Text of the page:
Dr. Dobb's Python-URL! - weekly Python news and links (Mar 17)

mcherm at mcherm.com mcherm at mcherm.com
Wed Mar 19 22:47:22 CET 2003

Michael Chermside writes:
> [1] A really interesting argument can be made that it's got just as
>   many 9's as 0's, since "x.00000..." = "(x-1).99999..." by most
>   useful
>   definitions. Does this mean that integers are normal in base 2?

Erik Max Francis writes:
> No, because either it's got an infinite number of zeroes or an infinite
> number of ones.  
> Neither expansion is normal (they contain exactly none
> of the other digit)
> and you can't include both simultaneously. 
Why not?
> Furthermore, normality or non-normality can only be properties of normal
> numbers, and both of these expansions terminate or repeat, meaning that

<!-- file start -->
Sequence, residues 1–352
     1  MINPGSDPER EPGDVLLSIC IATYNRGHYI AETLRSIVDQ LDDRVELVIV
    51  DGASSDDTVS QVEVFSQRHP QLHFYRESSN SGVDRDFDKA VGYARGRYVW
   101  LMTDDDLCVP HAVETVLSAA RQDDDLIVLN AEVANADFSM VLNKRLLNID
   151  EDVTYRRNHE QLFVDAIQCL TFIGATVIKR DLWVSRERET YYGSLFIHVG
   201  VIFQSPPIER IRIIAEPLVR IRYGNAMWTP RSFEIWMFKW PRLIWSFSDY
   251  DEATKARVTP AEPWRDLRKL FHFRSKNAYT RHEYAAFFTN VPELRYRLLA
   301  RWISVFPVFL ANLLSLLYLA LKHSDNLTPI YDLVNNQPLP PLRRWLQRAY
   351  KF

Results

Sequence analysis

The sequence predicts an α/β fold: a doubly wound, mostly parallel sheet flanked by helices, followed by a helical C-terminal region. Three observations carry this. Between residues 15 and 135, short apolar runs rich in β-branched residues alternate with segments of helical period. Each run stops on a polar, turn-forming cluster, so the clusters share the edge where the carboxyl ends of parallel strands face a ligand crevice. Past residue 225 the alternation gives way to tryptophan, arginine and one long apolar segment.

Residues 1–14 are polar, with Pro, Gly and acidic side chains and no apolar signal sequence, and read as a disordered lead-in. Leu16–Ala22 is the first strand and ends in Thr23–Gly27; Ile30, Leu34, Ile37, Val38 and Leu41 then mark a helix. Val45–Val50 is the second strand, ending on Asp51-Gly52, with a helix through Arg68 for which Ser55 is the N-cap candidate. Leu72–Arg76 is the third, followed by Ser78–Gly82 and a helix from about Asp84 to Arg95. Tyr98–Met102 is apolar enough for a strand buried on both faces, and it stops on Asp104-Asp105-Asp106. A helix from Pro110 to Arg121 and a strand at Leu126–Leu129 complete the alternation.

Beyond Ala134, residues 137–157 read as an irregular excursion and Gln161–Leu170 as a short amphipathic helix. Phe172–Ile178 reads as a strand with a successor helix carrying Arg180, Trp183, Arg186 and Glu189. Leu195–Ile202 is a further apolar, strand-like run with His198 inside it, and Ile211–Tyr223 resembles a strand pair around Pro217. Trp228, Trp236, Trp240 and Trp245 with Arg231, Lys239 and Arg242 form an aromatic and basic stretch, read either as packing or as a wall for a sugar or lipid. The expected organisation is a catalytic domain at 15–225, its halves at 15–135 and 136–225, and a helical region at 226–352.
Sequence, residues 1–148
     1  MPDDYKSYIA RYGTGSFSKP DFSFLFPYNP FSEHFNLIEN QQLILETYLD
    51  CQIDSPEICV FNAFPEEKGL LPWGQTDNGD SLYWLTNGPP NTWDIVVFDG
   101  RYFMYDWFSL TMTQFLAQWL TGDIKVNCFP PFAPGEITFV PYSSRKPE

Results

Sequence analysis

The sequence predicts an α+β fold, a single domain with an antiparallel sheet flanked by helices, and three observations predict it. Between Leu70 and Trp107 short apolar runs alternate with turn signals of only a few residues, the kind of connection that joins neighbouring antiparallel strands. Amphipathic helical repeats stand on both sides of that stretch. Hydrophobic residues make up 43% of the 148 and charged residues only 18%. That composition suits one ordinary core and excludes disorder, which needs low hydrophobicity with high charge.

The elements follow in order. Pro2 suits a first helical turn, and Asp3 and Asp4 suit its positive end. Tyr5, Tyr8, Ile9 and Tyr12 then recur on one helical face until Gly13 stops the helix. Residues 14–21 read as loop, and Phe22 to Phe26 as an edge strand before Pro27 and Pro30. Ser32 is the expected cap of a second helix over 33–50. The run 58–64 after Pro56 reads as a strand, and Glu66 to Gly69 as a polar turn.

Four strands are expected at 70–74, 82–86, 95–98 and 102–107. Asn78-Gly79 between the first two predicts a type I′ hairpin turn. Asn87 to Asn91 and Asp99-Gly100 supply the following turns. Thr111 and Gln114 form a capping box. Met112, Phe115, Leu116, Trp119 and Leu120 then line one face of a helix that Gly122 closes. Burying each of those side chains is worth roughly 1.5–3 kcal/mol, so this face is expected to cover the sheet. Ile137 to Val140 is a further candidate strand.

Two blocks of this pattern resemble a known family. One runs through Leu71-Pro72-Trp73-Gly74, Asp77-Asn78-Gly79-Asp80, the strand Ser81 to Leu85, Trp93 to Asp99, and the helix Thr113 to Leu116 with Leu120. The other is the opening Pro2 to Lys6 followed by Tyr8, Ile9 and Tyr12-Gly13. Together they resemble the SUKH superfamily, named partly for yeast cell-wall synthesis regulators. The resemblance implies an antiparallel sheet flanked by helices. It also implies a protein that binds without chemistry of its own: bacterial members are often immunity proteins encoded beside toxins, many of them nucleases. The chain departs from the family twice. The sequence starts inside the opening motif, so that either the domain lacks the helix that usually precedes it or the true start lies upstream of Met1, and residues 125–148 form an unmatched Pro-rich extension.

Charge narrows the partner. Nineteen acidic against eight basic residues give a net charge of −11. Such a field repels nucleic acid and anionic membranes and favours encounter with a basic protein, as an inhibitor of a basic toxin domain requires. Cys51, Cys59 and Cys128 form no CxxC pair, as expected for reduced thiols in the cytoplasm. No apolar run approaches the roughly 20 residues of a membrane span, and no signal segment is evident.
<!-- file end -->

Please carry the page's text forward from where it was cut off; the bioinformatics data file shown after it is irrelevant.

> they are rational, not irrational.  So therefore the normal/non-normal
> qualification can't apply at all.

I agree that normality is usually considered a property of irrational
numbers (which I think the original poster may NOT have realized) but
if we DO extend it to the rational realm, then I had assumed that all
rationals would be non-normal in all bases. But it turns out that it's
not quite so easy, since some rational numbers have multiple valid
decimal expansions. If you define normality by including all the digits
of all the valid decimal expansions, then integers are normal in base
2. I doubt that's a USEFUL result, but it's certainly a curious one.

-- Michael Chermside

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